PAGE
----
Like father, like daughter
When Pieta Brown opens for Greg Brown at the Belly Up this week, it will be a bit unusual, as the two haven’t toured together for a few months. But both father and daughter speak of how much they enjoy playing together. That musical chemistry is helped along by electric guitar player Bo Ramsey, who will also be at the Aspen show. “I consider Bo to be my soul mate, that’s about the best word to describe our situation,” said Pieta, speaking by phone from Iowa City, where she lives with Bo.”That’s one of the great things about music, it transcends age, whether you’re a man or woman, or black or white, I love that about music, and it only adds when you’re really close to someone,” she added.
Pieta met Ramsey when she was 17 (she’s 30 now); he had been playing with her father’s band for a few years. “I was a big fan of [Bo’s] sensibilities, not playing too many notes, playing just the right note,” said Pieta. “So I sent him a tape and he was really into it, and that’s kind of how all that started.”I had no idea when I asked him to work on my first record, that he would play [on the record], and that it would evolve into some kind personal relationship.”Pieta’s first record was released about four years ago, only a year after she first picked up a guitar. As soon as she had a guitar in her hands, though, the songs started to flow. She was soon playing small shows, bars and coffeehouses.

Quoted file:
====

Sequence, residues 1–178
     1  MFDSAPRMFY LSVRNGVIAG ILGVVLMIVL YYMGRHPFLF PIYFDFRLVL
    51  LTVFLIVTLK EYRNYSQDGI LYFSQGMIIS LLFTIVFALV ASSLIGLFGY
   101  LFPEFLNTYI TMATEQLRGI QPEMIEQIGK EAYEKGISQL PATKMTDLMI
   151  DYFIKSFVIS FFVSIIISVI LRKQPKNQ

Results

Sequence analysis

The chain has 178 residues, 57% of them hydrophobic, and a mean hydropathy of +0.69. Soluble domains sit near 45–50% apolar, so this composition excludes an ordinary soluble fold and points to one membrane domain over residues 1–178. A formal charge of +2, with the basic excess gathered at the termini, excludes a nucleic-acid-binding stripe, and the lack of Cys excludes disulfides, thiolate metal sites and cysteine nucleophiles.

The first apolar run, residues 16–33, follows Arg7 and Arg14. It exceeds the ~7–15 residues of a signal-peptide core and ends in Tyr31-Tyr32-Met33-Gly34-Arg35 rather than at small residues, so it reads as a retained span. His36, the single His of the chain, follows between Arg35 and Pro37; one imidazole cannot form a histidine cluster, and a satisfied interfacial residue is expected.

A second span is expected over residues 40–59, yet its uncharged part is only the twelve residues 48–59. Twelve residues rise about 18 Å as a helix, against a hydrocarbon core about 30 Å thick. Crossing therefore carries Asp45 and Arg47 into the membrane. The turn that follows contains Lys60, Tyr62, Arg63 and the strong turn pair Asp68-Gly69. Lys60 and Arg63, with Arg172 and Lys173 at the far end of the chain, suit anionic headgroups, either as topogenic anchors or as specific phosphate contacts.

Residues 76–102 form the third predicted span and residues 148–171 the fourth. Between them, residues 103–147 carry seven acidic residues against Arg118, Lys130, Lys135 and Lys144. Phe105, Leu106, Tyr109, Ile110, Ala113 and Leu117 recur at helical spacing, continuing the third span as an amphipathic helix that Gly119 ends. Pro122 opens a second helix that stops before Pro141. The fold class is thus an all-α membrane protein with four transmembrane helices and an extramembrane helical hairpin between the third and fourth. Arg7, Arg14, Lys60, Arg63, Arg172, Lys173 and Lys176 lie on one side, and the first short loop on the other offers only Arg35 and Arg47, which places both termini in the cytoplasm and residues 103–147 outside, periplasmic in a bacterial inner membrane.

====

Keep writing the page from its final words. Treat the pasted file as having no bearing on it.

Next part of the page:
“I always felt that music was a part of my life,” she said, but “I didn’t really think about being a performing musician until I picked up a guitar.” As a performing musician, she, like her father, tries to follow the muse and just let the songs come.”It’s a very organic process, where sometimes the music comes in and the lyrics fall behind it, sometimes the other way around,” she said. “The music is the most important part of the song. I love lyrics and I love words, but you can have a song with no words.”With her recently released third album, “In the Cool,” it seems she isn’t having much trouble tapping into her muse. Though if she does, she’ll take a bit of advice from her father.
“My dad said that if I ever hit a wall then I should learn other people’s songs,” Pieta said. “There are so many great songs in the world already.”
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Colorado’s Western Slope is considered a climate hot spot where temperatures are increasing faster than the global average. This warming has contributed to more than 20 years of dryness, which scientists are calling a megadrought.